The Origins and History of Consciousness

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The Origins and History of Consciousness
The Origins and History of Consciousness (German edition).jpg
Cover of the first edition
AuthorErich Neumann
Original titleUrsprungsgeschichte des Bewusstseins
TranslatorR. F. C. Hull
PublisherRascher Verlag, Princeton University Press
Publication date
Published in English
Media typePrint (Hardcover and Paperback)
Pages493 (English edition)
LC Class53-12527

The Origins and History of Consciousness (German: Ursprungsgeschichte des Bewusstseins) is a 1949 book by the psychologist and philosopher Erich Neumann, in which the author attempts to "outline the archetypal stages in the development of consciousness". It was first published in English in 1954 in a translation by R. F. C. Hull. The work has been seen as an important and enduring contribution to Jungian thought, but has been criticized for using evidence in misleading ways and making untenable assumptions.


Neumann describes the book as an attempt to "outline the archetypal stages in the development of consciousness", explaining that it is based on depth psychology, specifically the analytical psychology of the psychiatrist Carl Jung. He discusses subjects including mythology, including the figure of Osiris, archetypes, such as that of the Great Mother, matriarchy, ontogeny and phylogeny, the collective unconscious, a psychological process he refers to as "centroversion", masculinity, femininity, and homosexuality. He maintains that, "Consciousness, as such, is masculine even in women, just as the unconscious is feminine in men." He writes that male homosexuality almost always involves "a matriarchal psychology where the Great Mother is unconsciously in the ascendant."[1]

The book includes a foreword by Jung, who praises it and compares its emphasis on "matriarchal symbolism", and use of the symbol of the ouroboros, to his own work. Jung credits Neumann with making a valuable contribution to a psychology of the unconscious by placing the concepts of analytical psychology on an evolutionary basis.[2]

Publication history[edit]

The Origins and History of Consciousness was first published in 1949 by Rascher Verlag. In 1954, it was published in R. F. C. Hull's English translation by Princeton University Press.[3]


The psychologist James Hillman argued that Neumann's "Apollonic definition of consciousness" led him to mistakenly conclude that consciousness as such is masculine even in women.[4] The philosopher Walter Kaufmann singled out The Origins and History of Consciousness as a "perfect illustration" of the "utterly tedious, pointless erudition coupled with a stunning lack of even elementary concern with objections and alternatives" that distinguishes "most of the literature on archetypes and the collective unconscious". He described Neumann as dogmatic and accused him of operating "with a notion of evidence" similar to that of theologians who prove points with biblical verses. He criticized him for failing to consider diffusion as an alternative explanation for the presence of a given phenomenon in multiple cultures.[5] The book has been described as "Jungianism at its learned best" by the critic Camille Paglia, who identified it as an influence on her work of literary criticism Sexual Personae (1990) and her personal favorite among Neumann's works. She described Neumann's theory of "centroversion" as "idiosyncratic."[6][7]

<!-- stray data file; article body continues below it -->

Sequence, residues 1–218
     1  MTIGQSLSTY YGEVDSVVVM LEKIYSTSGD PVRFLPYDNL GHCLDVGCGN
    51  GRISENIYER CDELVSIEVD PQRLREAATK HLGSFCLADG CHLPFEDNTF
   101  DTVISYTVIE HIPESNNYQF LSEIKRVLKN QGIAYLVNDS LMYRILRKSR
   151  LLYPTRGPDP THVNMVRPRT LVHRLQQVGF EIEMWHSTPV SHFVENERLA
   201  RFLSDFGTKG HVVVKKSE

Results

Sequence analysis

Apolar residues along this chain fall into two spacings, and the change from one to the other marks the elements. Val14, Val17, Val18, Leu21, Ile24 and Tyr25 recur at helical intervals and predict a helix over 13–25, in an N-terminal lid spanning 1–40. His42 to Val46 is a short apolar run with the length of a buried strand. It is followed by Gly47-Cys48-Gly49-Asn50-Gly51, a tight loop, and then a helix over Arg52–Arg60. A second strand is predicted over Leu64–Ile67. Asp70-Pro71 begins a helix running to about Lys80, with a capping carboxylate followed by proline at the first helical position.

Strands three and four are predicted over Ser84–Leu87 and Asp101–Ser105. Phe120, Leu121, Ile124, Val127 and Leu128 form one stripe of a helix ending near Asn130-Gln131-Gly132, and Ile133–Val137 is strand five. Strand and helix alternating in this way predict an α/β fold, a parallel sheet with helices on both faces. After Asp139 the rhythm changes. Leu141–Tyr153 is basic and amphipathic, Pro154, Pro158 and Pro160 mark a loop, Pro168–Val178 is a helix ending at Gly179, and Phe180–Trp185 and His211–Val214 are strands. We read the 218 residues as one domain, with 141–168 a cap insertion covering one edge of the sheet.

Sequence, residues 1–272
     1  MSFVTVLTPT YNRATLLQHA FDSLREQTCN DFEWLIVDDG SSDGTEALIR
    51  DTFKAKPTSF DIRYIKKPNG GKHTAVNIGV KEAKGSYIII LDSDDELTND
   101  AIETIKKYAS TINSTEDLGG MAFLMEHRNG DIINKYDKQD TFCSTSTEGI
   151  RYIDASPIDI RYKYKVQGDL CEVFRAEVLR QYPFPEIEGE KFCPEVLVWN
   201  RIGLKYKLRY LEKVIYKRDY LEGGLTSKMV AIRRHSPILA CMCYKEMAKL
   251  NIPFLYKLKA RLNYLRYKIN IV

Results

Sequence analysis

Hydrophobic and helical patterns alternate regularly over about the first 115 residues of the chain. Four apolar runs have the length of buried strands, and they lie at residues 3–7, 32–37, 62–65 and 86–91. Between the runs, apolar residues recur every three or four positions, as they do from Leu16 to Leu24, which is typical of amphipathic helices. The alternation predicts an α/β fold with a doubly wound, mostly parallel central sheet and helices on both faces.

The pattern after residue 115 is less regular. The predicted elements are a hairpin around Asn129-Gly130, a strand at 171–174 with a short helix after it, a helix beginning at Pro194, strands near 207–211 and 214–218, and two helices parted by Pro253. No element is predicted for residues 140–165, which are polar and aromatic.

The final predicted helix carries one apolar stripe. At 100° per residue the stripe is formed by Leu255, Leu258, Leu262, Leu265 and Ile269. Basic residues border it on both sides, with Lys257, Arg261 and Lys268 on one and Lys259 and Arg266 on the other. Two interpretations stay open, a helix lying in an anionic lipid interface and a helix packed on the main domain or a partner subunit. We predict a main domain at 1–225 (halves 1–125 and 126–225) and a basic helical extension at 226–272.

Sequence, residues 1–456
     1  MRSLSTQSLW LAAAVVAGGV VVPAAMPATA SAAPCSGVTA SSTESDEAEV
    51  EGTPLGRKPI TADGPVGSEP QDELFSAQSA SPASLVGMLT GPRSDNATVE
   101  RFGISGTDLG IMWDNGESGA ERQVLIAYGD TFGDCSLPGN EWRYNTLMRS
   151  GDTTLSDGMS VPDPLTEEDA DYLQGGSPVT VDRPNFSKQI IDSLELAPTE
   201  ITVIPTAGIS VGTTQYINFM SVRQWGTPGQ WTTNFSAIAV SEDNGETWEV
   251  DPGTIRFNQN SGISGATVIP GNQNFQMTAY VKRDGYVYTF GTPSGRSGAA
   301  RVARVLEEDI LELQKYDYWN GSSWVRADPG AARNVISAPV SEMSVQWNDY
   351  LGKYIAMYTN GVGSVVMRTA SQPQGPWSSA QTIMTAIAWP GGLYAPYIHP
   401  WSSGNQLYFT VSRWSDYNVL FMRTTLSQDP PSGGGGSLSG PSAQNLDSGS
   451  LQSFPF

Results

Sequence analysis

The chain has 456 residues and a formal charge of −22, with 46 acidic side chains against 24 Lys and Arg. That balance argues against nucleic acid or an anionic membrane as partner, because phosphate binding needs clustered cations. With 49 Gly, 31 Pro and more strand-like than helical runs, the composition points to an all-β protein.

Hopcke called The Origins and History of Consciousness, along with The Great Mother (1955), "Neumann's most enduring contribution to Jungian thought". He noted that Neumann's view of homosexuality is neither original nor intended to be original, and differs relatively little from that of Jung.[8] The psychiatrist Anthony Stevens called The Origins and History of Consciousness, "a great but misguided book". Stevens argues that Neumann's assumptions that ontogeny recapitulates phylogeny, that preliterate human beings were "unconscious", and that Western consciousness has been subjected to different selection pressures to that of other civilized populations, are fallacious and biologically untenable.[9]


  1. ^ Neumann 1973, pp. xiv–xvi, 15, 37, 39, 42, 120, 127, 141, 202–203, 340–342.
  2. ^ Jung 1973, pp. xiii–xiv.
  3. ^ Neumann 1973, pp. iv–vi.
  4. ^ Hillman 1992, p. 289.
  5. ^ Kaufmann 2009, pp. 353–354.
  6. ^ Paglia 1993, p. 114.
  7. ^ Paglia 2018, pp. 430–443.
  8. ^ Hopcke 1989, pp. 70–72.
  9. ^ Stevens 1996, p. 174.